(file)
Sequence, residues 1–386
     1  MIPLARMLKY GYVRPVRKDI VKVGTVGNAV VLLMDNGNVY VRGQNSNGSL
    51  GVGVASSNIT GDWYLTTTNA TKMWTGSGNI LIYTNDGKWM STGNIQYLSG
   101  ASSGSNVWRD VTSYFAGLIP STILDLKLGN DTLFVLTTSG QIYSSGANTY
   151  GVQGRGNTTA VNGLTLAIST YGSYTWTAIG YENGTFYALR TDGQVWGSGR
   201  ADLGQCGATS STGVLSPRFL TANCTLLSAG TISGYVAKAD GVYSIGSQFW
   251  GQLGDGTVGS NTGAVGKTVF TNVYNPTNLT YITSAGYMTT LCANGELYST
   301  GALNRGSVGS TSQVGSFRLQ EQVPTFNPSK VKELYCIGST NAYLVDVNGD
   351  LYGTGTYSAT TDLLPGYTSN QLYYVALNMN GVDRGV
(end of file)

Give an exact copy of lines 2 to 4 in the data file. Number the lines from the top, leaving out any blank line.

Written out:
     1  MIPLARMLKY GYVRPVRKDI VKVGTVGNAV VLLMDNGNVY VRGQNSNGSL
    51  GVGVASSNIT GDWYLTTTNA TKMWTGSGNI LIYTNDGKWM STGNIQYLSG
   101  ASSGSNVWRD VTSYFAGLIP STILDLKLGN DTLFVLTTSG QIYSSGANTY